Latest Blog Posts
“Music School” vs. Music in College Life: Which is Right for You?
December 14, 2020
You love making music. Whether it’s composing or performing solo or with a band or orchestra, music is an important part of your life. It makes sense that you’re considering music school.
But what do you mean by “music school?” What is the experience you hope to have?
There is a wide range of opportunity in music at the college level. At one end of the spectrum are highly-competitive programs that prepare students to become professional performers. At the other, music as an enrichment opportunity, a hobby. With a lot in between.
Before you set your sights on a music school, it’s a good idea to examine what that means and whether the experience would align with your goals.
What Is Music School?
When professional musicians use the term “music school,” they are usually referring to an institution devoted to educating students in musical performance and composition. Another common word for this environment is a conservatory.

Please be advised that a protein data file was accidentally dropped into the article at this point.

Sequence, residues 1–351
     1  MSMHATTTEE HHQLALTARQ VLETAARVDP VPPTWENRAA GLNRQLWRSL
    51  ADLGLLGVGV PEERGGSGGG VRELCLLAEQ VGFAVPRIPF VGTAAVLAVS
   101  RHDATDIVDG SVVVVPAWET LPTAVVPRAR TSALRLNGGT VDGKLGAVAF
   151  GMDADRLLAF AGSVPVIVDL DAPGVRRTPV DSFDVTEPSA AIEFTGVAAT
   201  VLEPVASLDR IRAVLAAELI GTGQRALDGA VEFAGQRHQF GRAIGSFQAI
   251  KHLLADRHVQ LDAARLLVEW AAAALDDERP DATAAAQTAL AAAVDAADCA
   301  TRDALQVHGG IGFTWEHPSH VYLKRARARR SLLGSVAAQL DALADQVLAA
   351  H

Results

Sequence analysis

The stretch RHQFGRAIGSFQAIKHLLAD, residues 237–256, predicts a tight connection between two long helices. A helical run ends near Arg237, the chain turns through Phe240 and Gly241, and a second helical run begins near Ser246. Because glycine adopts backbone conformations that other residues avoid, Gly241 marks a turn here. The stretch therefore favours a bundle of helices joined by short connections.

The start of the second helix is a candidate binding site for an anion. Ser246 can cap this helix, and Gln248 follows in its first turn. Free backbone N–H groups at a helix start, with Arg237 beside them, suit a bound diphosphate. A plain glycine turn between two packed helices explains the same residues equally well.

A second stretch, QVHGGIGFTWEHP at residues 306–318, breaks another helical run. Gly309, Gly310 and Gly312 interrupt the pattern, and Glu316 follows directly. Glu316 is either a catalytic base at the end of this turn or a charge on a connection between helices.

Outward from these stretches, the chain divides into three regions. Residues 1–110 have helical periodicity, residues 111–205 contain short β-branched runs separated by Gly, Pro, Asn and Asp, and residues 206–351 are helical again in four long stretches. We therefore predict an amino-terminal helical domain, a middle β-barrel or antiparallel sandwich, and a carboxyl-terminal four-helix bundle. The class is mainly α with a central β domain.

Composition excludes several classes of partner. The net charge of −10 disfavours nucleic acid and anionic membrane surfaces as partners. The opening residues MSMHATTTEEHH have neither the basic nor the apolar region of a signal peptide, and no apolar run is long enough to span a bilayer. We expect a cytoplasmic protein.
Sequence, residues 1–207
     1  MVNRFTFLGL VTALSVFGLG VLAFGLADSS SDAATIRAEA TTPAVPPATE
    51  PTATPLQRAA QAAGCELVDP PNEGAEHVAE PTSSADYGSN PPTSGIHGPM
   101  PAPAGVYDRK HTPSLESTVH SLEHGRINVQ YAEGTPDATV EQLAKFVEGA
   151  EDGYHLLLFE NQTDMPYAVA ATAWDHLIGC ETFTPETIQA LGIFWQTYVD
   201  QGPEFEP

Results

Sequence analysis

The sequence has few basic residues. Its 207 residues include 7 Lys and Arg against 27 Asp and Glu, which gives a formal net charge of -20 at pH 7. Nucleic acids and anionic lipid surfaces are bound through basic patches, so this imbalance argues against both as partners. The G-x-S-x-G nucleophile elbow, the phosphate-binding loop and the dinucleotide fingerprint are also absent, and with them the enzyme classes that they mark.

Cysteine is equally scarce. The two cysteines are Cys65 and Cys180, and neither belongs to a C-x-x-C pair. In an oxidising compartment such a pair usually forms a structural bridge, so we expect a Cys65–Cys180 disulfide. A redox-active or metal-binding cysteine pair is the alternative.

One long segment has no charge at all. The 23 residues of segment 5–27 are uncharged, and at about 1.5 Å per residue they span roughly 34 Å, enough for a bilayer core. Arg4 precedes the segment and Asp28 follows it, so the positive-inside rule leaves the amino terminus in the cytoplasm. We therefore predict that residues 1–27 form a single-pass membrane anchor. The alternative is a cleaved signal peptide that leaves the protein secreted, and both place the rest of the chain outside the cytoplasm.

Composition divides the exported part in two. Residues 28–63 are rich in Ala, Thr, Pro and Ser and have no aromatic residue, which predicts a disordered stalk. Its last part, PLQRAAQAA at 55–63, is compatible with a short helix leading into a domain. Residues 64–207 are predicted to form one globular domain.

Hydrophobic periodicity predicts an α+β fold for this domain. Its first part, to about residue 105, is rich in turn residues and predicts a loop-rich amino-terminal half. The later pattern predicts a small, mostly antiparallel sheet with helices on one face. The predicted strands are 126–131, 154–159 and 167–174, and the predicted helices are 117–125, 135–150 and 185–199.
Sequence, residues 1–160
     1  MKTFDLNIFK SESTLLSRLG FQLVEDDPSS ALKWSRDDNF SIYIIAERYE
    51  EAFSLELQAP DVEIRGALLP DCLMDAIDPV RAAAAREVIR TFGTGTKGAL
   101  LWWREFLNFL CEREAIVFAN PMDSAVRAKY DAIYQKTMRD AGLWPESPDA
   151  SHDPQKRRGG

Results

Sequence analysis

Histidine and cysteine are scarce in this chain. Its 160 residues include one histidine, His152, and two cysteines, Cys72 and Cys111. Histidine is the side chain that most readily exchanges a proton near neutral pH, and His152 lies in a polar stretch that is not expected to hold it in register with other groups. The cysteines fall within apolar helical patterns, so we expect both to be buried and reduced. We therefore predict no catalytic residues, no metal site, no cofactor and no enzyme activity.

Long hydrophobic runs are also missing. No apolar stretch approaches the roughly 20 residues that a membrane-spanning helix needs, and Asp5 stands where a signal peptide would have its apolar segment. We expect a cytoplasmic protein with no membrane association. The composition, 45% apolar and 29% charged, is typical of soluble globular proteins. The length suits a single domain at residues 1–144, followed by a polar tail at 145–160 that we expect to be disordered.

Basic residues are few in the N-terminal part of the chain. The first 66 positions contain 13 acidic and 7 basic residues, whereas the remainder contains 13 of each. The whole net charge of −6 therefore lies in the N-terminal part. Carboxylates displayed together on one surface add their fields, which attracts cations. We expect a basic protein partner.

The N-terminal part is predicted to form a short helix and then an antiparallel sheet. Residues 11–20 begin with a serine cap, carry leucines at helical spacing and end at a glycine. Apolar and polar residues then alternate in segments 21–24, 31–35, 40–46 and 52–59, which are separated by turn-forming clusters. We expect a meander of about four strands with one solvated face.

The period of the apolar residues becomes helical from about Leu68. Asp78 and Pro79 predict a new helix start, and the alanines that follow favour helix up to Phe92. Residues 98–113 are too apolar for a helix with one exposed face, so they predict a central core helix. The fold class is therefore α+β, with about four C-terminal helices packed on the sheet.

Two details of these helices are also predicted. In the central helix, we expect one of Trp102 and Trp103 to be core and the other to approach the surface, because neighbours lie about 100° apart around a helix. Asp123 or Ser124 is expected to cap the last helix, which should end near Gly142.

The experience is highly focused on the goal of preparing artists for a career in music. Daily life includes, but is not limited to:
- Rigorous daily technical practice
- Private instruction
- Studio classes with performance in front of peers
- Diction classes for singers
- Ensemble practice
- Various specialty classes (e.g. piano, acting)
- Music theory and ear training courses
- Music history
It’s common for students to ask whether music school is going to be worth the investment of time and money. The obvious answer is that it depends on your goals. This experience is for those with their sights set on performing or producing music.
But career direction isn’t the only factor. Musician Trey Xavier points out that in addition to your career goals, another factor to consider is your temperament. There is one type of student who thrives in a highly-structured environment. Others, he says, don’t need it to grow as musicians.
“There are many intuitive musicians who learn by listening to recorded music and watching others play who would wither in an academic classroom setting and waste their money and time, and many academic types who need this kind of structure to push their understanding of music to the next level (and vice versa – many intuitives don’t progress beyond their own self-imposed boundaries). This dichotomy is far from the only facet to consider, but it’s a big one.”